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Puppet Kaos - where Kelvin Kao plays with puppets and tell random stories

Theatre Puppetry Workshop (Beginning): Week 3

After watching a very awesome Taiwanese puppet show in the morning (more on that in the next post after I go through the videos), I went to my theatre puppetry class in the afternoon. Yes, my Saturday was indeed full of puppets.

In this class, we worked on this short musical number some more. In the last two weeks we were only doing lip-sync, but this week we were playing the karaoke track. That meant we all had to sing (or find some other way to make it interesting if we couldn’t sing). We also did some other singing exercises in different voices. It was fun to hear everyone’s non-talking voice.

I also learned this little trick of following the notes on sheet music. This means when your puppet is singing a high note, its head will point upwards and when it’s singing a low note, the head will point down more. Of course, this rule is not something that’s set in stone, but it definitely helped making the performance more expressive.

And we learned another piece of choreography that’s focused on rod manipulation. Speaking of rods, we also got to play with some Wayang golek (Indonesian rod puppets). These has some pretty unique movements and it wasn’t something that I immediately got a hang of. And I had no idea that those heads just sit on the main rod, and it wasn’t really attached so you could remove it quite easily. Who knew?

We also played with a Bunraku-style puppet (the simplified kind, not the Japanese kind). We had been working with these Muppet/Avenue Q style puppets that has no legs, so people really jumped on the chance to play with a puppet that has legs. We made it dance. We made it run. We made it leap through hurdles. And once again, although it took three people to control one puppet, somehow we all worked pretty well together.

I really enjoyed the fact that we are covering a wide range of topics. But one of the things that I enjoyed the most was when the whole class let out an enthusiastic “Yayyyyyyyyy!” after every little performance. It made the whole environment very encouraging and welcoming. Perhaps we should all do this yay thing more often.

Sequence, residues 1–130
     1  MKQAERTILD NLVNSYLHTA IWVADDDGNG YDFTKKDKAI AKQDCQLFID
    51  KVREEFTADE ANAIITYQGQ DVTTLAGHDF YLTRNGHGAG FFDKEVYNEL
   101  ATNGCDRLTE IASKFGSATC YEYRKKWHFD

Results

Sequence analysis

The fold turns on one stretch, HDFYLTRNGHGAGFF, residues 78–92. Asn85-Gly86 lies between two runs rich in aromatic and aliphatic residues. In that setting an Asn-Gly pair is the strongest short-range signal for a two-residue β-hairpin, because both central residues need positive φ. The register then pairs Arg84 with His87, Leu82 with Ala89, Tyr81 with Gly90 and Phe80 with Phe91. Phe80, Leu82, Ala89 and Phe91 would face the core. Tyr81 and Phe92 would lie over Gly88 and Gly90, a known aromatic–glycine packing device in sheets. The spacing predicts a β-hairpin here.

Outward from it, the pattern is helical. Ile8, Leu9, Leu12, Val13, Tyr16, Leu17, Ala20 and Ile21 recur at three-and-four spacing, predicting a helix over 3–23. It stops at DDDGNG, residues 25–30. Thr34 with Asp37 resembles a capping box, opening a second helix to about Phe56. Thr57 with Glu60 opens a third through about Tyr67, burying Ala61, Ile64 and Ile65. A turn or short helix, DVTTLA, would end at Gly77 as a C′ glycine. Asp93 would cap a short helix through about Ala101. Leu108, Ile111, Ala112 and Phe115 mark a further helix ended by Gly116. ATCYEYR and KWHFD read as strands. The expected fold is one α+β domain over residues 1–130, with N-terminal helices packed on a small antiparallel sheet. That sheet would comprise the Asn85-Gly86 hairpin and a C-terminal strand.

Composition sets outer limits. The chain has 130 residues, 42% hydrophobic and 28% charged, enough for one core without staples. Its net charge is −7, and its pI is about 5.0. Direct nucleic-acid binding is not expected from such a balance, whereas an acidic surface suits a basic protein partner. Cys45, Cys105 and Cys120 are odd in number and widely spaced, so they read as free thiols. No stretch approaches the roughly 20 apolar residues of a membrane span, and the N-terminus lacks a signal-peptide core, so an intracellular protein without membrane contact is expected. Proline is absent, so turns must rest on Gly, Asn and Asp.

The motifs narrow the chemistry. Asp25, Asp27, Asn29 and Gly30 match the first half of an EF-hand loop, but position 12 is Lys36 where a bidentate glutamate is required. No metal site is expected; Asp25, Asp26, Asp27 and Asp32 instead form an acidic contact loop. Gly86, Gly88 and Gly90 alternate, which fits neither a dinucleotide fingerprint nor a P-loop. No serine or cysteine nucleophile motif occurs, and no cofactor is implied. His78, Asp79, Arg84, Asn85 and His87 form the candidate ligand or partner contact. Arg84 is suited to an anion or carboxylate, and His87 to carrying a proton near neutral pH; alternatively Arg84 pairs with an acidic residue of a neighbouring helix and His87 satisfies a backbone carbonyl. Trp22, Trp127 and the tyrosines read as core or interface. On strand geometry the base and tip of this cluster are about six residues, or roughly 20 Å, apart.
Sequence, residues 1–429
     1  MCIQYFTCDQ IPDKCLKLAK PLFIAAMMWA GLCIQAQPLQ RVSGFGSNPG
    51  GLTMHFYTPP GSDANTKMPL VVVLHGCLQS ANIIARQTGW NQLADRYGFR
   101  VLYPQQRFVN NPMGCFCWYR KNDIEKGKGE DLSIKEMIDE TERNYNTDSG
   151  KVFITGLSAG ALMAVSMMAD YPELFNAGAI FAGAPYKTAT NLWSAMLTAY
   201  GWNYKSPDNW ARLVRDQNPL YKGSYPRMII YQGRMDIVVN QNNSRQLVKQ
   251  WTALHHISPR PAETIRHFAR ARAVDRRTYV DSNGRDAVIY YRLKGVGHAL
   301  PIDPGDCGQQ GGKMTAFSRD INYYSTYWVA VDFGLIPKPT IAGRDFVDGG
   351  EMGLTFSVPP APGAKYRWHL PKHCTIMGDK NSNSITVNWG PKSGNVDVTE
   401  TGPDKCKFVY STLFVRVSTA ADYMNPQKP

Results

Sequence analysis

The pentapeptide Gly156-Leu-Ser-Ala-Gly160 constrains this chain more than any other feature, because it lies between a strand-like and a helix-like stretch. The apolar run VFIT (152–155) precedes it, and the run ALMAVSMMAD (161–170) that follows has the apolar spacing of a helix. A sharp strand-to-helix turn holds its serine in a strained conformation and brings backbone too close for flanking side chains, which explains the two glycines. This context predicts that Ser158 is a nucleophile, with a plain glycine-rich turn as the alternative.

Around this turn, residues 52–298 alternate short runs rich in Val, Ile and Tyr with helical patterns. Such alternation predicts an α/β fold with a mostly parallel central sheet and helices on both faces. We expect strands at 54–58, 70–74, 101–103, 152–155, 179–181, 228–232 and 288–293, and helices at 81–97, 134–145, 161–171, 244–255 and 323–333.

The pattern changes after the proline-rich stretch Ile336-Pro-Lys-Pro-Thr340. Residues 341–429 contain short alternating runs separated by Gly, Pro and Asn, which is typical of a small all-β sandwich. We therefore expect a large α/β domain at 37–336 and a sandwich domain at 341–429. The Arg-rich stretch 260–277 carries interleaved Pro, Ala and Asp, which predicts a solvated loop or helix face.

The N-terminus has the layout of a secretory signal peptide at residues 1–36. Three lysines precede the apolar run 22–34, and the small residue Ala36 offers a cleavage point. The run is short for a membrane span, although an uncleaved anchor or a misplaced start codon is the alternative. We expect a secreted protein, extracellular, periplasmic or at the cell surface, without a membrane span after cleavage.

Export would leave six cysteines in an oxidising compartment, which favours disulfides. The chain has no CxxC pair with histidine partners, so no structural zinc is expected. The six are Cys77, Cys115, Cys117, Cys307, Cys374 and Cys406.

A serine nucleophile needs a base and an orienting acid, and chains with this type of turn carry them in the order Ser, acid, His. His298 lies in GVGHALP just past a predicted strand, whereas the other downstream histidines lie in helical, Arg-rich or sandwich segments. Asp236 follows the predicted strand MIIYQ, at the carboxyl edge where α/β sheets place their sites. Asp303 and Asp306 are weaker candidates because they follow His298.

Related post:
Theatre Puppetry Workshop (Beginning): Weeks 1, 2

Comments

  1. January 25th, 2011 | 9:00 am

    Hi Kelvin,

    Seems to me the puppetry world is a very complex one. No wonder why when we watch them in action we can see them do so many things. It is nice to see you are so enthusiastic with the classes and the whole process. It really is amazing all the accomplishment a group can get when they are all motivated in the same direction, isn’t it?

    Raul

    Alien Ghost’s last blog post..We Are Cars!

  2. January 25th, 2011 | 2:21 pm

    Hi Kelvin, I agree that a resounding affirmation at the end of any achievement, even one you might yourself consider quite small, is a great incentive to keep going and recognise how well you have done.

    Enjoy the journey.

    Mandy

    Mandy Allen’s last blog post..Don’t over commit

  3. January 25th, 2011 | 6:46 pm

    @Raul: Part of this is all the different varieties of styles, and of course, another part of it is just people splitting hairs. But hey, if you study any topic for a period of time, you eventually start splitting hairs. There is always room for improvement! Yay!

    @Mandy: Hm, perhaps that’s exactly what makes people spend so much time on video games!

  4. February 4th, 2011 | 12:24 pm

    Kelvin — I am thoroughly enjoying your puppetry class. I feel almost like I’m there, but must admit I’m relieved that I’m not because it sound easy to do, at all.

    Still, I read your enjoyment in your words and I know that you’re having a great time. I like the puppet heads move up for the high notes and down for the low notes…very clever. It must hard to get everything down — voices, movements, singing — I’m hoping you will eventually show a video of your production!

    I had to look up the rod puppets and found this rather funny video, http://www.youtube.com/watch?v=qJvqCT73pjg . I can’t understand a single word, but I still laughed. It just goes to show that humor via puppets often knows no boundaries…it’s just funny. I also like how I could the person working the puppet…it was cool:~)

    Enjoy your classes and I know you will!

    Sara’s last blog post..Feeling Lucky?

  5. February 7th, 2011 | 2:05 pm

    Haha, yeah, I don’t understand the words in that video either. But hey, still fun. These puppets have such an interesting way of moving that you just don’t see elsewhere.

  6. February 28th, 2011 | 7:09 am

    Wayang golek? Now that is impressive. I’m Indonesian and I haven’t seen it in a while. Wayang golek show is already so rare unless you go to museums and really touristy places. Now I wanna watch some :)

    andhari’s last blog post..Project Saigon

  7. February 28th, 2011 | 4:48 pm

    Ha, the Indonesian has spoken. 😀

    With the prevalence TV and films nowadays, the traditional art forms are simply not shown so much anymore. However, they are still there if you actively seek them out. But you do need to do a little digging to find them at yes, museums, and festivals and special events. I tend to be drawn to traditional performance art forms. I found them quite charming.

  8. March 1st, 2011 | 2:07 pm

    Kelvin,

    I just stopped by to say thanks for your visits to my site. I always appreciate your responses. It’s nice to have people, like you, in the blogosphere:~)

    p.s. I hope the puppetry training is going well!

    Sara’s last blog post..Story Photo: You Be the Judge

  9. March 3rd, 2011 | 8:36 pm

    Hi Sara, thanks for stopping by even though I am really behind with my blog posts. I’ve simply been very busy lately…

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